Krisztina Les is the second generation WAVE Youth Ambassador (2020-2022) representing Hungary.
- How did your role as a WAVE Youth Ambassador shape you as a feminist youth activist?
It has been a very valuable experience to get to know other feminists from different countries in Europe. This really helped me to shape what feminism actually means. Sometimes it is easy to forget that the meaning of feminism can vary from context to context or country to country. Being a WAVE Youth Ambassador helped me to be a better and more understanding activist and not only think through my own lenses. Additionally, it is a privilege to listen to other activists’ ideas and insights, getting to know people from all around and share our difficulties and small victories with each other – and being a WAVE Youth Ambassador gave me this experience.
- What are the things you are most proud of?
I’m proud of having the opportunity to become a WAVE Youth Ambassador! But to be more concrete, I’m also really proud of the podcast episode we have recorded with other great WAVE Youth Ambassadors where we could talk about abortion and reproductive rights. I think it ended up being a very interesting conversation from which people really can learn.
- Interesting book/video/podcast/film about feminism?
It is not strictly about feminism, but I am a firm believer that every person needs to watch Fleabag – both seasons. It is a great show about women, grief, mental health, self-love, complex relationships and so many other things. The show is written by Phoebe Waller-Bridge who is also the main character. She is incredibly funny, although the humour is a little dark and provides an interesting female perspective throughout the seasons.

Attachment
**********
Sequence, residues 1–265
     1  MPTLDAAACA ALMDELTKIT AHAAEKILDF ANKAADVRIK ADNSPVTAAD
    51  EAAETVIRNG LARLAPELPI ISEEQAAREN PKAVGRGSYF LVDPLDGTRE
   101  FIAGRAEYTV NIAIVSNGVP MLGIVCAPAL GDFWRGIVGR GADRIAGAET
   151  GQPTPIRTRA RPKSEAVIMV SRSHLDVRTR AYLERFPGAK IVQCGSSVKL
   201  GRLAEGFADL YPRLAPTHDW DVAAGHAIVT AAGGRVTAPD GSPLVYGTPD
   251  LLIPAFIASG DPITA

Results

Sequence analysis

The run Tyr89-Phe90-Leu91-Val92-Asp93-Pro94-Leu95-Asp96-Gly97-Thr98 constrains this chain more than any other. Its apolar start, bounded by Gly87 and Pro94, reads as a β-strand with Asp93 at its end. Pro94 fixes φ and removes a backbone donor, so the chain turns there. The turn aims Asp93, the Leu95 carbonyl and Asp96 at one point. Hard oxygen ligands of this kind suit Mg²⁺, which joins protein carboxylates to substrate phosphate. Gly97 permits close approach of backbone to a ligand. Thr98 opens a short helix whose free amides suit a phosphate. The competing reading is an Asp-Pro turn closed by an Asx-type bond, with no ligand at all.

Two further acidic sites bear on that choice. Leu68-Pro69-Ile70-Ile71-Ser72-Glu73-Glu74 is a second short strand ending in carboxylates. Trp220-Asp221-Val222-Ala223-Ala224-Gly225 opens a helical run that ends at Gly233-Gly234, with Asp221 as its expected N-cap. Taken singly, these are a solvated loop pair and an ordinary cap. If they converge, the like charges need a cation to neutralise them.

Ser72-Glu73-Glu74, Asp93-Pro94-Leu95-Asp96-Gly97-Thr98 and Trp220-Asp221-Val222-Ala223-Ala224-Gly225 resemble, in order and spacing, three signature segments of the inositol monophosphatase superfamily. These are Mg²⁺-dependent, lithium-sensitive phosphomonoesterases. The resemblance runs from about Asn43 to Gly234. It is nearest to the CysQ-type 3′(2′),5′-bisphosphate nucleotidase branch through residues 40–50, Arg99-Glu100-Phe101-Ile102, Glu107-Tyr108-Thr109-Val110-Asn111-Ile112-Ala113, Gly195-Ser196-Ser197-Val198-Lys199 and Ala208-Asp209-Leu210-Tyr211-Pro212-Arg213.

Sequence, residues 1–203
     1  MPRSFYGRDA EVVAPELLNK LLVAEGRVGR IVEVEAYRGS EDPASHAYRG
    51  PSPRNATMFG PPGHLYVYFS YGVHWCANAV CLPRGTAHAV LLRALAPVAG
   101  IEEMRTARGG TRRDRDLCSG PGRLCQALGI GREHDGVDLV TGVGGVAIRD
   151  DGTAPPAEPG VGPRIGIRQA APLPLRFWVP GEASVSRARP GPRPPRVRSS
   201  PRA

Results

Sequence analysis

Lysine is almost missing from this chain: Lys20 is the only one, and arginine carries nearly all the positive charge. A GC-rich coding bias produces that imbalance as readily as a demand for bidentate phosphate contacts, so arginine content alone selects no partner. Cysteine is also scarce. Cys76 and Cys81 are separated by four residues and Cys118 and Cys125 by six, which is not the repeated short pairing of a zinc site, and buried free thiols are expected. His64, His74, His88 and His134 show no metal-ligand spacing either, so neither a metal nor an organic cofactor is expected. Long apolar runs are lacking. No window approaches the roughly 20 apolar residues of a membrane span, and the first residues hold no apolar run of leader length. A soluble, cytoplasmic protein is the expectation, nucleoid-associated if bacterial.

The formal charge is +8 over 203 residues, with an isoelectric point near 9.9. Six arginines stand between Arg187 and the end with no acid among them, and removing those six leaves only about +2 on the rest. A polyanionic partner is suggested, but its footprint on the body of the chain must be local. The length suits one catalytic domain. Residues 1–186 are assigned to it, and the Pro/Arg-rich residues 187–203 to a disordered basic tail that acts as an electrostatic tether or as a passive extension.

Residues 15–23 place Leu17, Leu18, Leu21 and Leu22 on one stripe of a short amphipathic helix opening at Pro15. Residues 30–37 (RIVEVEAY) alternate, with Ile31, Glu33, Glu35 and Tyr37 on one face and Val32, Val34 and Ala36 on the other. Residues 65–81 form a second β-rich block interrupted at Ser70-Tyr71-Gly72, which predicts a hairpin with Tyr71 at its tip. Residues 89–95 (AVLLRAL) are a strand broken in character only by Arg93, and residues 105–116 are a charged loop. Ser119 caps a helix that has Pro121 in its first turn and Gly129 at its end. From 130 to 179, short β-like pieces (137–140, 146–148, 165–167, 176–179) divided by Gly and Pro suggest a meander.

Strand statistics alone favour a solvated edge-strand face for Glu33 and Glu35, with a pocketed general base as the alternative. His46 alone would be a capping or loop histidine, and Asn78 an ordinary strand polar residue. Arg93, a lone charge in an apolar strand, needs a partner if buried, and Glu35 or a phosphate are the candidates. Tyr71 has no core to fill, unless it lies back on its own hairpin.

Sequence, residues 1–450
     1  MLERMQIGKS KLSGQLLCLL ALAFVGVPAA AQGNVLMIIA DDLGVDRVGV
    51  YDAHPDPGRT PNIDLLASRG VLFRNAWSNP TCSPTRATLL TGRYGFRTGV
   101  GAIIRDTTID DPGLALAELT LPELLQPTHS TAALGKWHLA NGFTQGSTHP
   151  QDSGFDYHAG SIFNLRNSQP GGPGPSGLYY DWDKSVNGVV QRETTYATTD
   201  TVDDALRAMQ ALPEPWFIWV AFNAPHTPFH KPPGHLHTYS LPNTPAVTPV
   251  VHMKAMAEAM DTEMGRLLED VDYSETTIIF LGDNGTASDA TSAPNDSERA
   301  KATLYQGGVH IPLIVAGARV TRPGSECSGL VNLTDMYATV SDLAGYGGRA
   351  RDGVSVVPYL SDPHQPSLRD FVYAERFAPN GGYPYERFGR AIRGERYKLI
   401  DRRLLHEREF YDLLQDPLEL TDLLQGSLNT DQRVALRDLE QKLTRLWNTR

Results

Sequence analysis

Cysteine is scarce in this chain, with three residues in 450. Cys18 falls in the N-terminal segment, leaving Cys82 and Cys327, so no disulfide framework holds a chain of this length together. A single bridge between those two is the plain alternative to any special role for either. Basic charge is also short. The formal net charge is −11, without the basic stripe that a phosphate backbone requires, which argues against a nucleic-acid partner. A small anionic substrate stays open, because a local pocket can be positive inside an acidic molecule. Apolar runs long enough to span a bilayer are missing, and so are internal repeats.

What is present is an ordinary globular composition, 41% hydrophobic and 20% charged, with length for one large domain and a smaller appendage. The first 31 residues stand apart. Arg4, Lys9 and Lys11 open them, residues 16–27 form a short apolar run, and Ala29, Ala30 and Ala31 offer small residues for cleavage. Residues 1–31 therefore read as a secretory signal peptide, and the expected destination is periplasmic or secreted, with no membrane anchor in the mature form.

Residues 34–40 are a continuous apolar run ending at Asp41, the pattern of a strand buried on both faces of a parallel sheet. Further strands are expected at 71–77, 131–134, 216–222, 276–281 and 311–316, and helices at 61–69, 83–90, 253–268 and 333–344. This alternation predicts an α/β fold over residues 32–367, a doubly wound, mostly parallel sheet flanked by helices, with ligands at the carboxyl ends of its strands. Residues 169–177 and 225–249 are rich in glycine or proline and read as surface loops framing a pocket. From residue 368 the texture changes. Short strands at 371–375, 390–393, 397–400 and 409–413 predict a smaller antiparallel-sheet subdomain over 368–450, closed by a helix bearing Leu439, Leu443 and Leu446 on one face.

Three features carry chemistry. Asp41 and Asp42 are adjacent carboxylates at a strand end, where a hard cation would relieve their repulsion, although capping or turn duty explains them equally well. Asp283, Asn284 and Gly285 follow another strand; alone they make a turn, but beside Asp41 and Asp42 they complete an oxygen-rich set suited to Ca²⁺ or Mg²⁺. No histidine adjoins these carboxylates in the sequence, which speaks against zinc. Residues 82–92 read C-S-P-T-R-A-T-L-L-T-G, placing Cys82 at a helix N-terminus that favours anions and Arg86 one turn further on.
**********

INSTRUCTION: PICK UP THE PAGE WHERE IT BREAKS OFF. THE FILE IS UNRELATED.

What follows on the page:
- What is your message to young people devoted to ending gender-based violence?
Appreciate the little things. Ending gender-based violence is an incredibly huge commitment that might take many-many generations to happen. However, if we look at it in smaller pieces, we can find so much happiness and bright spots in this work. Working with young girls and realising they are not afraid to use their voices and speak up. Meeting feminist activists from other regions or countries, and realising that we are not alone with our problems. Sharing hard things and having hard conversations with our communities. These are all smaller things that can provide so much joy and connection, and while these don’t end gender-based violence from one day to another, it shows you why this work is so important.